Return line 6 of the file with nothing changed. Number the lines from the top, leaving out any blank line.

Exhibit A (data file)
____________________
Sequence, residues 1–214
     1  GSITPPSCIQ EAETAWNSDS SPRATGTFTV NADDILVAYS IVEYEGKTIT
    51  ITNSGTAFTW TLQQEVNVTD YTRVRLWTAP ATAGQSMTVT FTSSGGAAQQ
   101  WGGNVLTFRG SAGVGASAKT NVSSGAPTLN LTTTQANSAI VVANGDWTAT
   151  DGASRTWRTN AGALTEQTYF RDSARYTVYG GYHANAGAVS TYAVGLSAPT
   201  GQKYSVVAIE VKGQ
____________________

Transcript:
   201  GQKYSVVAIE VKGQ